Misused words in the English Language.



Original poster
In the general knowledge of English misuse of words is rather common. My tutorial is for those who have the basic knowledge of words in English but are still uncertain of the actual meaning of the word.

Here are few examples of common words being misused in a sentence structure. The ones you wouldn't think would be a problem; but are a big problem when doing a project in English or any language or even teaching.

Accept vs Except = Accept means to receive something. Except means to exclude something.
Advise vs Advice = Incorrect: "I didn't ask for your advise."
Correct: "I didn't ask for your advice."
Advise is a verb. Advice is a noun. You can advise someone, but you can't advice him.

Affect vs. Effect
Incorrect: "The rain has a bad affect on my mood."
Correct: "The rain has a bad effect on my mood."

All Right vs. Alright
Sorry, but alright is incorrect. It's correctly spelled as two words: All right.

However, it could be argued that alright is appropriate for dialogue. It's closer to the way it sounds. Also, nobody should beat you up for writing alright in an online forum or chat room.

All right?

E.G. vs. I.E.
The difference between E.G. and I.E. is subtle, but let's look at their root meanings:

E.G. stands for the Latin exempli gratia, which means "for example." So you might use it like this: "I love many different kinds of desserts, e.g. apple pie or chocolate cake."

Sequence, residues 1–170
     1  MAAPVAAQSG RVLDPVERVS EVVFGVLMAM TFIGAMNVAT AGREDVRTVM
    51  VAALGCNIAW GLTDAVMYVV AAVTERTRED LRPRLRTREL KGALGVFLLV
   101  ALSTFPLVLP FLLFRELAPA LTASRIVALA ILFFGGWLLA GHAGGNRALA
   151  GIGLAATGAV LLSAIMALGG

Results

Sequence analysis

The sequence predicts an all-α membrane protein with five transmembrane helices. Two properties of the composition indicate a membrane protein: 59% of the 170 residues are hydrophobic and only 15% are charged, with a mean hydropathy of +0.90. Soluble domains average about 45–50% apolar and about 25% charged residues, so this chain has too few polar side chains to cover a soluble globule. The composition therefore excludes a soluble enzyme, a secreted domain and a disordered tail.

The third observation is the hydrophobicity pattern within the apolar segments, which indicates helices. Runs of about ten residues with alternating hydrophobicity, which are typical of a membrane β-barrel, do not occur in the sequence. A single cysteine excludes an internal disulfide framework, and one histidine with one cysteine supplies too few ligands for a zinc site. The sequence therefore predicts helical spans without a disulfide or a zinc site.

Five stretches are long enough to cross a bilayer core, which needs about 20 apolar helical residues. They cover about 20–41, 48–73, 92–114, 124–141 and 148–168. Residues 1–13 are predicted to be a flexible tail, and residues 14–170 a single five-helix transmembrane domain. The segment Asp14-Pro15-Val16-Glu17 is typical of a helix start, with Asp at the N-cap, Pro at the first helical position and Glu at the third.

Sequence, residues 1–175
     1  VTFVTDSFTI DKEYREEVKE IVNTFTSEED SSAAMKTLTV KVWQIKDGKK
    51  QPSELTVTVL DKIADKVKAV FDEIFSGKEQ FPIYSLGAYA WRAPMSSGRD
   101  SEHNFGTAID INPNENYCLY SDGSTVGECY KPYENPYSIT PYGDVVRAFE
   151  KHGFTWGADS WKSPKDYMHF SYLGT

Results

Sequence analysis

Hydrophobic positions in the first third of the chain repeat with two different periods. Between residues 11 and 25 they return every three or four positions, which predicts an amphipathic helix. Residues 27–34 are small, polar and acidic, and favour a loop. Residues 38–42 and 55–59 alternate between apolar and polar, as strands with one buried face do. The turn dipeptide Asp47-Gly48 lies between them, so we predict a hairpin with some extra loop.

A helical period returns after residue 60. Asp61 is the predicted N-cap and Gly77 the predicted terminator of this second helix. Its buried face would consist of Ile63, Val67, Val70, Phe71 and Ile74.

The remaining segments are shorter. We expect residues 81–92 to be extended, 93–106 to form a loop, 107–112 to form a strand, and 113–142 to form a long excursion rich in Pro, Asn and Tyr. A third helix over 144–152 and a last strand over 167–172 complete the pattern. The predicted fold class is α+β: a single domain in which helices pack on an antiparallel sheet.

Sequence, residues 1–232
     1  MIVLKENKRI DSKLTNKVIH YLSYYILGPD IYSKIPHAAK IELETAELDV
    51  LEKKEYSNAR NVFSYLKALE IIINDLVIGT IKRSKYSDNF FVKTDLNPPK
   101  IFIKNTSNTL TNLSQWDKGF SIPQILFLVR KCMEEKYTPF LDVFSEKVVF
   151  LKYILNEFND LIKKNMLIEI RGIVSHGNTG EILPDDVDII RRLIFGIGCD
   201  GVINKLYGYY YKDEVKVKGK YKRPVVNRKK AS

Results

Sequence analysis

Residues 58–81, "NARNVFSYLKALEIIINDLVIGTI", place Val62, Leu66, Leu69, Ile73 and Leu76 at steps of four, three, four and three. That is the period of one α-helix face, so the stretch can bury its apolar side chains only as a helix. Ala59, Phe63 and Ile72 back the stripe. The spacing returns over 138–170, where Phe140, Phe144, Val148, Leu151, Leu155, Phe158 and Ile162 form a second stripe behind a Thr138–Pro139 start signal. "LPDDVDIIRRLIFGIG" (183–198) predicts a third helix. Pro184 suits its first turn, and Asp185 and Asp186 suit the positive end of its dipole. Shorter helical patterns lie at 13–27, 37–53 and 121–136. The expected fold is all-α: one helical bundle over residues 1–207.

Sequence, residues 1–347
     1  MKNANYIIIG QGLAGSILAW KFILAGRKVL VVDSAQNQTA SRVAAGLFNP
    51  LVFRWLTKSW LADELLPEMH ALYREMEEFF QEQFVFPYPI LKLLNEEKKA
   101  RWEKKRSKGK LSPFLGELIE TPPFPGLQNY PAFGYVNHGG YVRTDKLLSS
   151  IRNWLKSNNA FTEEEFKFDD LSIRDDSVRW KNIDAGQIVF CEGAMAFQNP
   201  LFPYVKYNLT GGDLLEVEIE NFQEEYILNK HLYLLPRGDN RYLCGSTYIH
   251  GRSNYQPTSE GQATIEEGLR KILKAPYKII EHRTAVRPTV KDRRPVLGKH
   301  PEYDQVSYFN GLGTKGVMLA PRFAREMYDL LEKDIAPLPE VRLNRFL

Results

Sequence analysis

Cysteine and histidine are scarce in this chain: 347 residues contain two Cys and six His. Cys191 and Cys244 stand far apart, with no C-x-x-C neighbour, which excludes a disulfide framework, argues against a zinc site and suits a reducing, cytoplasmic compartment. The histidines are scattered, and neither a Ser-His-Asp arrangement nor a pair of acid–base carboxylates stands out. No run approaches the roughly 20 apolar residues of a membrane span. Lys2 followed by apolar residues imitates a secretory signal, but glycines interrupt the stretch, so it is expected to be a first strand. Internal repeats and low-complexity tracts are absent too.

I.E. is Latin for id est, which stands for "that is" or "in other words." So you might use it like this: "My favorite dessert is pie, i.e. apple pie."

Hear vs. Here
Incorrect: "Here, here!"
Correct: "Hear, hear!"

Here is a location; it refers to wherever we happen to be right now.

Hear refers to one of your five senses, the ability to recognize sound.

People confuse these words. The issue mostly comes up with the phrase "Hear, hear!," which is meant to call attention to a speaker's words. It also implies fervent agreement. It evolved from phrases like "Hear him!" and "Hear ye!"

Its vs. It's
Incorrect: "Its mine."
Correct: "It's mine."

Its is possessive. It's is a contraction of it is. Whenever you see that apostrophe, always translate it's to it is.

Sound out the sentence in your head. If sounds dumb to say it is in the sentence, then it's is incorrect.

Lay vs. Lie
Incorrect: "Now lie me down to sleep."
Correct: "Now lay me down to sleep."

Lay is used when something is being acted upon. Lie is something you do without anyone or anything doing something to you. Example: "I decided to lie down on the floor."

Here's where things get more confusing: The past tense of lie is lay. The past tense of lay is laid. Examples:

"I laid down the piggy bank."
"The piggy bank lay there yesterday."